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What Causes Fibromyalgia?

Sunday 6 October 2019


From the Cleveland Clinic's Health Essentials:



What Causes Fibromyalgia?

Signs point to changes in the brain

October 4, 2019
Cleveland Clinic © 1995-2019. All Rights Reserved.

Aches and pains — everywhere. Fatigue. Sleep problems. Foggy thinking. Together, these symptoms often add up to fibromyalgia.

Experts still have a lot to learn about the cause of the disease. But scientists are finding evidence that points to a likely suspect: neuroinflammation, or inflammation in the brain.

“We still don’t fully understand what causes fibromyalgia. But brain scans of patients with fibromyalgia show this neuroinflammation,” says pain management expert Benjamin Abraham, MD. “We can see that the pain nerves are inflamed and irritated.”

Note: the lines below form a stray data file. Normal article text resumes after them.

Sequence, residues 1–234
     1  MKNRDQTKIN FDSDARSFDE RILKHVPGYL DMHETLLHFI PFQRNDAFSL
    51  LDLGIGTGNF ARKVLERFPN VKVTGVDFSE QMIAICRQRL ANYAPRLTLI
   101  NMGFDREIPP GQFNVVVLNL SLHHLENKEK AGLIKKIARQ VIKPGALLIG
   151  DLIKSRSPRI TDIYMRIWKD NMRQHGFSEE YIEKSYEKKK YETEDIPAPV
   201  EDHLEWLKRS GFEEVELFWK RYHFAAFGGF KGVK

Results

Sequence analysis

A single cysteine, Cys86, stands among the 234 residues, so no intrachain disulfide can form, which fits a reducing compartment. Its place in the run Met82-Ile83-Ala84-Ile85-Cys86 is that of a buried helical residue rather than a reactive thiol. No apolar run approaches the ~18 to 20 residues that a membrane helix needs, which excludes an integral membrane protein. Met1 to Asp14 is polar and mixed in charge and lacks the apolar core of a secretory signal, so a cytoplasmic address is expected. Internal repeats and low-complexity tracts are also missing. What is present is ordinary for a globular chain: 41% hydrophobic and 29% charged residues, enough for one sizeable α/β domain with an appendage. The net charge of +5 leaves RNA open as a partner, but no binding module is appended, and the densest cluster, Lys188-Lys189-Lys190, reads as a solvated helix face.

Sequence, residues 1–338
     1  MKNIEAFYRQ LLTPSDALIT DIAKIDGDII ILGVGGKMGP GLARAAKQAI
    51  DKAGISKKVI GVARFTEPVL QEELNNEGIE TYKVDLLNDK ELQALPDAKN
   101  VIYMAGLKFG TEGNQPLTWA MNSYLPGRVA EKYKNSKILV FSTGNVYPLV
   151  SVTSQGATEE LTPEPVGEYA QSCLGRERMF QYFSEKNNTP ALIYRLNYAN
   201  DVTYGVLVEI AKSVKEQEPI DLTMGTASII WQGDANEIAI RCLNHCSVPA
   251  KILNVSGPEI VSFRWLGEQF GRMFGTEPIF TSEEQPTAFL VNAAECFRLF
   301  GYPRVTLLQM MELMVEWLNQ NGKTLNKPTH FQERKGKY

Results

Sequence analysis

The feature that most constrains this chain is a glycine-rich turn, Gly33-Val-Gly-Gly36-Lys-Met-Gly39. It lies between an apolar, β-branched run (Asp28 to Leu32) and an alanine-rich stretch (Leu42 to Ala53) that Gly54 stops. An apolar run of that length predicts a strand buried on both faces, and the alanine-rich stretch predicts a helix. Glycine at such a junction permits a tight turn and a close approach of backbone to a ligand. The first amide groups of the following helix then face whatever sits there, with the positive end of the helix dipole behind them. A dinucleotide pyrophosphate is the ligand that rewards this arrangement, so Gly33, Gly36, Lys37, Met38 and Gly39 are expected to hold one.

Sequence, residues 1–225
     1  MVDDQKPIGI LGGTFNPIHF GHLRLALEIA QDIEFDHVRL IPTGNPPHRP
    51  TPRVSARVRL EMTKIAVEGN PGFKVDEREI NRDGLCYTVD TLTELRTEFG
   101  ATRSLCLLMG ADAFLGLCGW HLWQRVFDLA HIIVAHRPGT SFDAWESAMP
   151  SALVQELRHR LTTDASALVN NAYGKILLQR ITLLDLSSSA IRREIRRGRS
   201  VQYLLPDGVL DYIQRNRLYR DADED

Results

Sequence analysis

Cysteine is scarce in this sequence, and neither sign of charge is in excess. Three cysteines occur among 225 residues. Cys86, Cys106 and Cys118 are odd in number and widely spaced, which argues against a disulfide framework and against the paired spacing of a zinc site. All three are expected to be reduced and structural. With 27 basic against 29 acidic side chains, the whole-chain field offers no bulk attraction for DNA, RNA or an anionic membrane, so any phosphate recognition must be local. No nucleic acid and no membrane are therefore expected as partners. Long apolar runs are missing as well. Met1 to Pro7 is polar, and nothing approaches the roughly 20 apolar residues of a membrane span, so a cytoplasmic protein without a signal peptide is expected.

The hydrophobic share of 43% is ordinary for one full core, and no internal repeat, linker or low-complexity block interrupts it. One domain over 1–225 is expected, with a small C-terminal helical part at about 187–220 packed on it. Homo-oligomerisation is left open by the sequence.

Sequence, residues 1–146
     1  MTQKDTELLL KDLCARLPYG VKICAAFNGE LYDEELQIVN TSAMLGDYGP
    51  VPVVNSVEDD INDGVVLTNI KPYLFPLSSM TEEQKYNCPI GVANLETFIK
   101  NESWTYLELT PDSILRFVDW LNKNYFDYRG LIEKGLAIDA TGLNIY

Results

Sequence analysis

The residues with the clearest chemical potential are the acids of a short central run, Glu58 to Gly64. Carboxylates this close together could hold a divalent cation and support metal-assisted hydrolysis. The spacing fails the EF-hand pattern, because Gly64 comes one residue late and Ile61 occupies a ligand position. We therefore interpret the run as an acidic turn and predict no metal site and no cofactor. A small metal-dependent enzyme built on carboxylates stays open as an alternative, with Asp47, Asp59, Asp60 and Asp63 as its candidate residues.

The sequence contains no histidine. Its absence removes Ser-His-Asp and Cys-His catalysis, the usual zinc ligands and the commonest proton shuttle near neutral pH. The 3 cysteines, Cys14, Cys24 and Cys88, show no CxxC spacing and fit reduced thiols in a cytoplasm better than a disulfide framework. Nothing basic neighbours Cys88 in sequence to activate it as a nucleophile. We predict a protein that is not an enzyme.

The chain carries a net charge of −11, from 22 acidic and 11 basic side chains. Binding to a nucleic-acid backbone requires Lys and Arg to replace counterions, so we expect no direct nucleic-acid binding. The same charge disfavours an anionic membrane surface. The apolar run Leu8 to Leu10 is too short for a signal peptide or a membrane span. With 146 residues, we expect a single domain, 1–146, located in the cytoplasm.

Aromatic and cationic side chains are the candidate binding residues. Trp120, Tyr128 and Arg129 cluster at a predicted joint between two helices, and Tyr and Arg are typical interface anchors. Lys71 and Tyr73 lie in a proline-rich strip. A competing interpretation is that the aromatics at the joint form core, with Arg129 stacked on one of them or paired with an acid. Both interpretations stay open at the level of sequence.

Looking for pain in all the wrong places

Muscle pain is one of the key symptoms of fibromyalgia. So in the early days of fibromyalgia research, scientists looked for evidence of inflammation in the aching muscles of people with the disease, says Dr. Abraham. But they came up short.

Current research suggests they were looking in the wrong place. More and more, research hints that the problem lies in the pain processing systems within the brain.

People with a fibromyalgia diagnosis seem to have a pain-sensing system that’s out of whack. They have a bigger-than-normal reaction to painful sensations. And they often feel pain in response to sensations (like heat or cold) that other people don’t find painful at all.

“We’re beginning to understand that fibromyalgia is a disease of pain processing,” Dr. Abraham says.


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